The Philippines’ negligence of air quality is causing more deaths and losses of about $87.6 billion annually, according to the Centre for Research on Energy and Clean Air (CREA) and the Institute for Climate and Sustainable Cities (ICSC).


“Air quality is not an abstract issue. Air pollution costs the Philippines P4.5 trillion every year, which in 2019 represented 23 percent of our GDP [gross domestic product],” Isabella Suarez, an analyst at CREA, said.

“Neglecting air pollution comes with a heavy bill in the form of increased healthcare and welfare costs, as well as loss of labor and economic productivity.” she further explained.

In the most detailed analysis for the Philippines to date, the joint report of CREA and ICSC found that air pollution in the country is responsible for 66,000 premature deaths every year.

“If this does not spell out how urgent the situation is, it’s hard to imagine what else can spur the government to truly implement the country’s Clean Air Act. Our findings show the degree to which Filipino’s long-term exposure to air pollution increases the risk of developing illnesses such as asthma, lung cancer and stroke, as well as comorbidities to COVID-19,” said Vince Carlo Garcia, a research analyst with the ICSC.

In September, the World Health Organization (WHO) revised its recommended “safe levels” of air pollution based on growing scientific evidence that air pollution is more dangerous to human health than previously estimated.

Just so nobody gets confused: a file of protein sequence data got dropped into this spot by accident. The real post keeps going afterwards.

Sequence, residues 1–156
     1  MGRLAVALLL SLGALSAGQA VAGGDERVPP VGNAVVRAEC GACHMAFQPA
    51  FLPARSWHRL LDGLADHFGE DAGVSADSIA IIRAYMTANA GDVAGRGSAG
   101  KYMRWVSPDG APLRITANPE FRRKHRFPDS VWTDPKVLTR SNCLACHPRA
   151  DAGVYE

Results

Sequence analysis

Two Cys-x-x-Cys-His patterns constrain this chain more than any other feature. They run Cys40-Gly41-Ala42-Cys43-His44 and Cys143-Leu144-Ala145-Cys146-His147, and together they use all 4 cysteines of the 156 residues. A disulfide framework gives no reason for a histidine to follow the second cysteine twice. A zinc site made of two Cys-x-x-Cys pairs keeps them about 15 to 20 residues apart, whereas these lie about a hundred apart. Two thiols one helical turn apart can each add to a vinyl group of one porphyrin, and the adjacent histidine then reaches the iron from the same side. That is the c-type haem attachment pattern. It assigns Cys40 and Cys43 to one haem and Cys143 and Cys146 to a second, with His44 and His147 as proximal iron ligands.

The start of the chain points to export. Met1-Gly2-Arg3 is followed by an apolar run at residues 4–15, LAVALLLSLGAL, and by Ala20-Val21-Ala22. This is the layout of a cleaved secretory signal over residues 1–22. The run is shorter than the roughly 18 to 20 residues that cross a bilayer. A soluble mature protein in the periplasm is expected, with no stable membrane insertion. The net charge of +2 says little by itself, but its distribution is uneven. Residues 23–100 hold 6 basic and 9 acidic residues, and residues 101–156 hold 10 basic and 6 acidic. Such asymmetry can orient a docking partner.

According to the report, if the WHO guidelines were met, the country’s annual air pollution-related deaths could be reduced by more than half while economic costs would reduce to a third.

Deputy Speaker Loren Legarda, principal author of the Clean Air Act, expressed frustration over the executive’s inaction.

Legarda said “Millions of premature deaths around the world have been attributed to poor air quality and millions more are exposed to higher levels of pollution from a growing number of pollution sources. Some of the pollutants also contribute to climate change.”

The solon said it was unacceptable that the country is missing “by more than 200 percent what is deemed to be safe” according to the WHO’s new guidelines.

“The adverse impacts of climate change and poor air quality do not recognize political colors. It is incumbent upon us to come together and take leadership in the effort to promote the health of the environment and of our people,” she further said.

To speed up implementation of the law, Legarda urged the passage of a “Joint Resolution of Congress” to constitute the Congressional Oversight Committee on the Clean Air Act.”

For his part, Jundy del Soccorro of the Department of Environment and Natural Resources’s (DENR) Environmental Management Bureau (EMB) said the first step to finding a solution is acknowledging the problem, which is why we need all the data and expertise from academe and government agencies.

The EMB official cited initiatives the agency is pursuing in line with the Clean Air Act, including a project to gather data from industrial sources in real-time.

Del Soccorro said a total of 70 firms in the Philippines already have existing continuous emissions monitoring systems, 35 percent of which are now connected to their Air Quality Network Operation Center. The project aims to reach 100 percent completion by 2022.

Source: Manila Bulletin (